Federal Ethics Watchdog Recommends Kellyanne Conway Be Fired for Violating the Hatch Act and The White House Just Responded
The Hatch Act of 1939 prohibits executive branch employees—with exception to the President and Vice President—from engaging in political activity. This includes endorsing candidates, appearing at campaign rallies, generating funds for candidates, and other forms that can be seen to give a partisan advantage.
White House aide Kellyanne Conway has come under fire numerous times for perceived Hatch Act violations. Now, the Office of the Special Counsel (unrelated to Special Counsel Robert Mueller) is referring Conway for removal for said violations.
Last year, the United States Justice Department, headed by Attorney General Jeff Sessions decided to conduct a more thorough investigation into Russian interference in the 2016 presidential election and any ties to the campaign of President Donald Trump. This move came after investigations led by the Federal Bureau of Investigation (FBI) and in the House and Senate and the high profile firing of the FBI director, James Comey, by the president.
Trump administration member AG Sessions recused himself from the investigation, turning it over to another Trump appointee, Rod Rosenstein. Rosenstein decided to appoint former FBI director Robert Mueller as Special Counsel exactly one year ago today. All three men are lifelong Republicans.
Mike Pence Just Called for the Mueller Probe to End and He Sounds Eerily Like Richard Nixon During Watergate
A Journalist Just Compared the Russia Probe to Previous Investigations, and Trump Should Be Very Concerned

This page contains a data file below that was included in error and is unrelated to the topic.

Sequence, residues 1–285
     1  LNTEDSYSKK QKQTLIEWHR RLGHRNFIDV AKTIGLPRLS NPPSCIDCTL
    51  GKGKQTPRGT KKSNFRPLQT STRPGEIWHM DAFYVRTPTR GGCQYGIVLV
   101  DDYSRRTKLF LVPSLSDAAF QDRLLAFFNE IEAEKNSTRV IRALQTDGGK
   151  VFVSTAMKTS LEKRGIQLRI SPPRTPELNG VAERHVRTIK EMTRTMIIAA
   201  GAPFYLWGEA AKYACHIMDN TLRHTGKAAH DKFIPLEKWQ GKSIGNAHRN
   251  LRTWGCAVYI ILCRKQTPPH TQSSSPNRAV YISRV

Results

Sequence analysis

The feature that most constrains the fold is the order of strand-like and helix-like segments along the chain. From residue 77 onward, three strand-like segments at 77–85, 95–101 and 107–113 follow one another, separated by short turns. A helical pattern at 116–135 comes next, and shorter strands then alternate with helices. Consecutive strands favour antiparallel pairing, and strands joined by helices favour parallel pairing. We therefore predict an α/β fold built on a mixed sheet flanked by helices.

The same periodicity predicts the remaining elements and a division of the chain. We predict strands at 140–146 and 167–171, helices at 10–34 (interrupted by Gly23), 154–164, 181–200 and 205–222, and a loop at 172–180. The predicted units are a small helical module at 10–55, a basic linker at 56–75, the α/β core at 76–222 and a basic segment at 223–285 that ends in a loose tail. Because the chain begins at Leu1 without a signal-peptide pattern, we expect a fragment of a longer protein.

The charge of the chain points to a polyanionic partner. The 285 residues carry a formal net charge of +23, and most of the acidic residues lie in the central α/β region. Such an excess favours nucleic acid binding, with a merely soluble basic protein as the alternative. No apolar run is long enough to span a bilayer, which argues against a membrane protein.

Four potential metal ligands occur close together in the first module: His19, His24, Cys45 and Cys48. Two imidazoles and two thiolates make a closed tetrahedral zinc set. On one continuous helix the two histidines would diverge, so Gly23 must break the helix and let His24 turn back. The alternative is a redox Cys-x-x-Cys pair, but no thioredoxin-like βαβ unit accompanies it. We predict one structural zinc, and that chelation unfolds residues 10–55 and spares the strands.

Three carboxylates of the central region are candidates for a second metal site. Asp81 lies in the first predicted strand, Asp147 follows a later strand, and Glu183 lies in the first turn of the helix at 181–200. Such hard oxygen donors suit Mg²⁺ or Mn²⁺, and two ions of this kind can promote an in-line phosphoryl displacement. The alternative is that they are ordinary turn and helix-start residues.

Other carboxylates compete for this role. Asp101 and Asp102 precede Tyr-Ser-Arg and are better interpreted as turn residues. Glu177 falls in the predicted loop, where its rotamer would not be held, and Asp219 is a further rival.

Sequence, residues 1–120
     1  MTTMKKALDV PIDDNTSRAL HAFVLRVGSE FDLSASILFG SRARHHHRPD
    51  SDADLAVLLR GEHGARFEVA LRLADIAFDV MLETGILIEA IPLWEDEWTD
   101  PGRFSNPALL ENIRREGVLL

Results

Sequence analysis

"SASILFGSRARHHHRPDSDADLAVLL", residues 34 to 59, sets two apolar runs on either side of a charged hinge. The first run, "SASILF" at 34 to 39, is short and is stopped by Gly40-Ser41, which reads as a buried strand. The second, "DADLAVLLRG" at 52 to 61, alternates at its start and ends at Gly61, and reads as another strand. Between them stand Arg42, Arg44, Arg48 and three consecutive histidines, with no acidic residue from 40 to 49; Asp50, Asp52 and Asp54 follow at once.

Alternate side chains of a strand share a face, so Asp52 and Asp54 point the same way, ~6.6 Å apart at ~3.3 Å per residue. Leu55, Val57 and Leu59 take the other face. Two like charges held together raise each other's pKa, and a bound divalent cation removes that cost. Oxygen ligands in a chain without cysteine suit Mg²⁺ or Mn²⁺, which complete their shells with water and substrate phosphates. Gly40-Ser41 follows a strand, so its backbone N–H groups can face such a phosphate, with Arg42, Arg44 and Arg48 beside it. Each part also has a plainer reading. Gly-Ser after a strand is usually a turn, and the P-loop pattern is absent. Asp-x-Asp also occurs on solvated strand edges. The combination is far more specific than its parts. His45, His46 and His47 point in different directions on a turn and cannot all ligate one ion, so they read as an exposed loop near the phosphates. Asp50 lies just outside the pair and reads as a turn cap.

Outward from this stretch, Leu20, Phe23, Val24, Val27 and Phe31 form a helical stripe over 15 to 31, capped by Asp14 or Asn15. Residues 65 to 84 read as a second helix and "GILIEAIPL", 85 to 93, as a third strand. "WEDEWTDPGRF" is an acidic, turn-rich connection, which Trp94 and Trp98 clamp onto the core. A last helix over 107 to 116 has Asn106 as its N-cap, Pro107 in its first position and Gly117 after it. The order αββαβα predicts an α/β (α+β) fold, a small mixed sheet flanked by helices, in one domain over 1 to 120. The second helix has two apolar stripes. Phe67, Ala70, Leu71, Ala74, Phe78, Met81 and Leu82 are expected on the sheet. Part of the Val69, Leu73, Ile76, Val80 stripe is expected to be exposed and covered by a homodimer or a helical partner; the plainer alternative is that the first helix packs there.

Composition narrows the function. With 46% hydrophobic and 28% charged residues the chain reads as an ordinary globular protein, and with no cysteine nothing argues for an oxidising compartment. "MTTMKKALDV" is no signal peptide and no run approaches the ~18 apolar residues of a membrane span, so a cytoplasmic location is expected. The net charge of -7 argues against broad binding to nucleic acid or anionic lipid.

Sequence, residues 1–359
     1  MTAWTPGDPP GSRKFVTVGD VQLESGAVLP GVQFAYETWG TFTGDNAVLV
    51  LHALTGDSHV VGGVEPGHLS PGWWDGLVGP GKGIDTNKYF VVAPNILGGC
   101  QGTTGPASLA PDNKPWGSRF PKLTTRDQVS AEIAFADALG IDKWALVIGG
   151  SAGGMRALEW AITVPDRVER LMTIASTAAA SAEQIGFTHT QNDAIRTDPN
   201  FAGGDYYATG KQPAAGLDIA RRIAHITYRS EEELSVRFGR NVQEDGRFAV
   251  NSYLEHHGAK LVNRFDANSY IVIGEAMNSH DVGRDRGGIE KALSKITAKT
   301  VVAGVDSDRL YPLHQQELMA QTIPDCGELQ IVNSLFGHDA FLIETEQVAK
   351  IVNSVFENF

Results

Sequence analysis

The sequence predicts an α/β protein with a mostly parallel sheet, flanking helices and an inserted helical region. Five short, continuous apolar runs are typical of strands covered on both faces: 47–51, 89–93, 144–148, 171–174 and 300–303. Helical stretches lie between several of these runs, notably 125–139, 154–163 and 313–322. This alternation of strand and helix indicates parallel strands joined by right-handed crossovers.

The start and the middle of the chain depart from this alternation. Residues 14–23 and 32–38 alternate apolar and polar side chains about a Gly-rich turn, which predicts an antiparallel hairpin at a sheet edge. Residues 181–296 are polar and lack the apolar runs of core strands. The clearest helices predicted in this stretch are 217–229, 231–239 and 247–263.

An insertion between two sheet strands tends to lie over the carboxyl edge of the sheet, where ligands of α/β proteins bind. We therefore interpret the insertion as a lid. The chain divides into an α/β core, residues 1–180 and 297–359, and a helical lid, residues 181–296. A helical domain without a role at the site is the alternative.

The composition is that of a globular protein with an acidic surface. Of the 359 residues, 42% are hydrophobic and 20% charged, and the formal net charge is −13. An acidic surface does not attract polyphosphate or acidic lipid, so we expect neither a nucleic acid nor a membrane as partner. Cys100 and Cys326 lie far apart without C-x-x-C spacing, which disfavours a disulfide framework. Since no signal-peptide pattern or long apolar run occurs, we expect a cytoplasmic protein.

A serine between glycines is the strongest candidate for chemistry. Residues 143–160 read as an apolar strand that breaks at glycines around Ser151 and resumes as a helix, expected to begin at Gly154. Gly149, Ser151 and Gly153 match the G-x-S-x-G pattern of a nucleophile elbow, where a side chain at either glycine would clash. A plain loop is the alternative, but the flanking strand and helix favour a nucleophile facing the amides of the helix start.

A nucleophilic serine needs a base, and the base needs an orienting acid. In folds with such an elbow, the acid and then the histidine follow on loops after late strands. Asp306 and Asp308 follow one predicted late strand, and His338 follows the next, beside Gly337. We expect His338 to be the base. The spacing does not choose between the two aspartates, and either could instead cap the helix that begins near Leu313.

This morning, President Donald Trump Tweeted, "Is this Phony Witch Hunt going to go on even longer so it wrongfully impacts the Mid-Term Elections, which is what the Democrats always intended? Republicans better get tough and smart before it is too late!"
Trump consistently refers to Robert Mueller's Russia investigation, a probe led by Trump's own United States Attorney General office's duly appointed Republican Special Counsel, as a "witch hunt." He also takes issue with the length of time of the investigation.
Ty Cobb joined the White House legal team under President Donald Trump on July 31, 2017. Now he’s announced his retirement.
Cobb's primary responsibility was to deal with the Office of Special Counsel regarding the Russia investigation. His replacement, Emmet Flood, represented President Bill Clinton during his impeachment.
Monday, a list of potential questions for President Donald Trump from Special Counsel Robert Mueller's office, compiled and written by Trump's personal lawyers, was leaked to the press. Now those 49 questions, written out by Trump attorney Jay Sekulow, are being touted as proof of overreach by Mueller's Russia investigation.
Trump's legal team denied any connection to the leak of the questions. However their strategy to discredit the Russia probe for overreach is dependent on the questions being made public.
In the latest move in the investigation into possible interference by Russian interests in the 2016 presidential election and potential ties to the campaign and administration of President Donald Trump, Special Counsel Robert Mueller provided tentative questions for the president to his lawyers.
The Russia probe wishes to interview Trump concerning what he knew, and when, about ties between his team and Russian interests. The inquiry also looks into Trump's actions after the investigation began and any attempts to intervene or influence it.